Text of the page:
The ‘cynical’ – let’s say realistic – question why China is keen to spend so much money on football, and whether much of that cash might end up in the pockets of those who subscribe to the tenets of Havelange’s sporting philosophy.
Some of the investment in European football seems questionable at best, with people and firms who have previously shown no interest in the game anxious to get involved.
Meanwhile, after a few of Fifa’s sponsors were finally shamed by a constant corruption klaxon into withdrawing their support, Chinese firms quickly moved to fill the gap, with Wanda delighted to become one of the governing body’s primary patrons.
China’s women are highly paid compared to many of their counterparts across the world, though of course their salaries are raindrops compared to the tsunami drowning male players in the CSL.
But in the men’s absence, professor Simon Chadwick of Salford Business School, a keen observer of China’s new-found love for soccer, says their performance at the Games might provide an early assessment of how the country’s football masterplan is shaping up.
“The Olympic Games marks the first major international test of China’s football ambitions,” he said. “Eighteen months on from president Xi’s proclamation about China’s football goals, and after significant resources have flooded into the sport, China’s progress in the tournament will indicate how far its football has come and how far it still has left to go.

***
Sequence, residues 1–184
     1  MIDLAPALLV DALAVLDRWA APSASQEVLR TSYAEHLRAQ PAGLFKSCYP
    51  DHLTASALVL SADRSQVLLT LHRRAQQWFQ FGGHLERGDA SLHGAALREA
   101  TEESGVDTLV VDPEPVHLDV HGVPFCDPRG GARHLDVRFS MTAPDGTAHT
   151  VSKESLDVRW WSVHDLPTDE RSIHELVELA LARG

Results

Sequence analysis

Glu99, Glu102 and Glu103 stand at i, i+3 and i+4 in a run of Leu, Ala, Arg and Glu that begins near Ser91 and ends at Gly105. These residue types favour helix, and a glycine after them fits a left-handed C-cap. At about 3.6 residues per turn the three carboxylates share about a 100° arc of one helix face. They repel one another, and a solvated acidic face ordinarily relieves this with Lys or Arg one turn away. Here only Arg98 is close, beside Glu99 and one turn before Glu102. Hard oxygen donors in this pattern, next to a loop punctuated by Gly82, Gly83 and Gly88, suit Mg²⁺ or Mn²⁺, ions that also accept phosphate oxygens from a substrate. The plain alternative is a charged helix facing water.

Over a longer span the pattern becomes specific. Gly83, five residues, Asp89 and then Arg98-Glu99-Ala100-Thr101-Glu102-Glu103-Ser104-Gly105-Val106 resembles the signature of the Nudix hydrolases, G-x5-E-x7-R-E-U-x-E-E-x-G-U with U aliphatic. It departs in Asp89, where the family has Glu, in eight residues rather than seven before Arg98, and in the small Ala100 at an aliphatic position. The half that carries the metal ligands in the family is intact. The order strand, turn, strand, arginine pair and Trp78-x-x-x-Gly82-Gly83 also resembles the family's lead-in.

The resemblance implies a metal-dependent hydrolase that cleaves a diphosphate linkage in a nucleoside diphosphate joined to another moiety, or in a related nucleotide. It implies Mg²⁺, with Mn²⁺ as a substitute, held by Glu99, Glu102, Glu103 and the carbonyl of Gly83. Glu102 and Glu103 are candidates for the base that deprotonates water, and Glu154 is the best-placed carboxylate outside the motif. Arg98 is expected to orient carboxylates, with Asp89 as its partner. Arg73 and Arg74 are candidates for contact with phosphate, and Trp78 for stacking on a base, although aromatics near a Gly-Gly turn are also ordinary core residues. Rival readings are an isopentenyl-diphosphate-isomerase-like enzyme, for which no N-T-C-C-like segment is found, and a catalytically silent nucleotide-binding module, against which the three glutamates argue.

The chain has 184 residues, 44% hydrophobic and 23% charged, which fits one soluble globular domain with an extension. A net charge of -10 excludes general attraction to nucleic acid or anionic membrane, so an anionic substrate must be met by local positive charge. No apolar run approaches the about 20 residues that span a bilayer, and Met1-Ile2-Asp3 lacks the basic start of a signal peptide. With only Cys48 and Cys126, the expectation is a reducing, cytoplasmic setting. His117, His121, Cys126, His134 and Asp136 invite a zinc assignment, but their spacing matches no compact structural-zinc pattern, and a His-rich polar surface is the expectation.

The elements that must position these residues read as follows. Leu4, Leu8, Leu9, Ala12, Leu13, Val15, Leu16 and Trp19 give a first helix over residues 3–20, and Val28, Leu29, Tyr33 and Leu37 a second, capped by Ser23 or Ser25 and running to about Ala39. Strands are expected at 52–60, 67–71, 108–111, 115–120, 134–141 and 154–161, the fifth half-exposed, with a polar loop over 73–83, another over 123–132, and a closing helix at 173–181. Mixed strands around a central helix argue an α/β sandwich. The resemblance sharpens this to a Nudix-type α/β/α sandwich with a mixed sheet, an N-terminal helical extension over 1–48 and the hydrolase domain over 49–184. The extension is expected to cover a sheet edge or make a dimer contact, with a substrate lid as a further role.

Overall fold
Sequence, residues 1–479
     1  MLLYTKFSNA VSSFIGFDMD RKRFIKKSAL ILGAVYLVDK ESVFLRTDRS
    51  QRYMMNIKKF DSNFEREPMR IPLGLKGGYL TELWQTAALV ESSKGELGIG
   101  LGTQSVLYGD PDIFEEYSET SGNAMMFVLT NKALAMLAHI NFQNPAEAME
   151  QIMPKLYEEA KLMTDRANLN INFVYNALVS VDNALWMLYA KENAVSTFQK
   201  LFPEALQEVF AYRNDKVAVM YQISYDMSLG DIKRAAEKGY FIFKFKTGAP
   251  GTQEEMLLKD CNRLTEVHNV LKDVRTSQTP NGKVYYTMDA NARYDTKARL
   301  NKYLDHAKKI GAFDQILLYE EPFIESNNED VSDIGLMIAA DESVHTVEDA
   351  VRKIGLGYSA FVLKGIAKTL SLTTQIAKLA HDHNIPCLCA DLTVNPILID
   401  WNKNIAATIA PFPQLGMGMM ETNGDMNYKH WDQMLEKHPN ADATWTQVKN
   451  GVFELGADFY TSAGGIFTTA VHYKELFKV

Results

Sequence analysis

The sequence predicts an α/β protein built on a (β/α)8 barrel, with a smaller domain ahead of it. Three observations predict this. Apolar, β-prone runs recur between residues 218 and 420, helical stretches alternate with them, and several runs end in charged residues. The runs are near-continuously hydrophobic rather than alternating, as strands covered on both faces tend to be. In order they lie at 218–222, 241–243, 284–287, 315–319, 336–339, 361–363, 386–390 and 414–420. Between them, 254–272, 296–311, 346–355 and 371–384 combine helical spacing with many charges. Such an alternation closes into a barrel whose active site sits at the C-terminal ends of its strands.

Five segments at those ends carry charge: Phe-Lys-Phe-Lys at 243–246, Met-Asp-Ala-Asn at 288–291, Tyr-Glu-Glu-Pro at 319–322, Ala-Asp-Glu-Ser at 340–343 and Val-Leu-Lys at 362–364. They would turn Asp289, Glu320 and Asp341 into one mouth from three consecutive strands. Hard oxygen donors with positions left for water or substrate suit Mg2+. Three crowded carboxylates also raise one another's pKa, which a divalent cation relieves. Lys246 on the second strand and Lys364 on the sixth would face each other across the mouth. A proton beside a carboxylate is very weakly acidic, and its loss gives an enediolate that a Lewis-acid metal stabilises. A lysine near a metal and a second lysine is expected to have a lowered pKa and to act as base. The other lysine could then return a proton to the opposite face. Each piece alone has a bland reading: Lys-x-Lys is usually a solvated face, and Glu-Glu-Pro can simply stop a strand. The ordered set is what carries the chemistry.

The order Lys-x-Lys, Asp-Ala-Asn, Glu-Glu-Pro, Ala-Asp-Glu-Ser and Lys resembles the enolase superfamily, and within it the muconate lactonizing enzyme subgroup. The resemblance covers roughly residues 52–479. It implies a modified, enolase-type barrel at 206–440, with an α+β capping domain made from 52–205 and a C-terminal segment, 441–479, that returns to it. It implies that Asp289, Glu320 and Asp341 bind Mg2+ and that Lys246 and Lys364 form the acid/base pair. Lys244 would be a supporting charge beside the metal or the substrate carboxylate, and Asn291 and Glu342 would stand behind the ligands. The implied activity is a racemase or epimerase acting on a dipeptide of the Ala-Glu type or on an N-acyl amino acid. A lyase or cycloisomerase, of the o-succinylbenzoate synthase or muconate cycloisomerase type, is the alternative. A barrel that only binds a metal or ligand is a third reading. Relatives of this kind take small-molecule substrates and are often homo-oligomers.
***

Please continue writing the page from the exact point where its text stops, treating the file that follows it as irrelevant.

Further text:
“While there is currently a buzz around Chinese football, underachievement in Rio would be somewhat embarrassing while at the same time would prompt a degree of soul-searching on the part of Chinese football officials.
“Progressing to the latter stages of the tournament would however deliver a confidence boost and provide evidence that Chinese football is heading in the right direction.”
So, an early blow as the women try to provide that confidence boost. Sweden and South Africa are the other two teams in the group, the former winning 1-0 in the first action of the Games.
That match, in front of perhaps 200 people in the 60,000 seat stadium was dire – but a passionate home crowd created a terrific atmosphere for Brazil-China, and it will be a treat to see and hear the Havelange Dome when packed for the athletics events.
China were well-organised and disciplined, but never threatened a Brazil side playing with those stereotypes of their country’s game, flair and expression.
The contrast between Brazil, famed for its innate football culture, and China, struggling somehow to inculcate one by throwing tons of money at the problem, was plain.
"We have just played a team that is stronger than us technically and physically. They have a power we do not have and individual techniques that we do not have. We cannot change this in three to six months as it is a long-term plan," said China's French coach Bruno Bini
"The difference between the two countries is obvious. The fact that Brazil is a country with a football culture which we just did not have in China."
As Brazil showed, some things still have to be nourished rather than bought.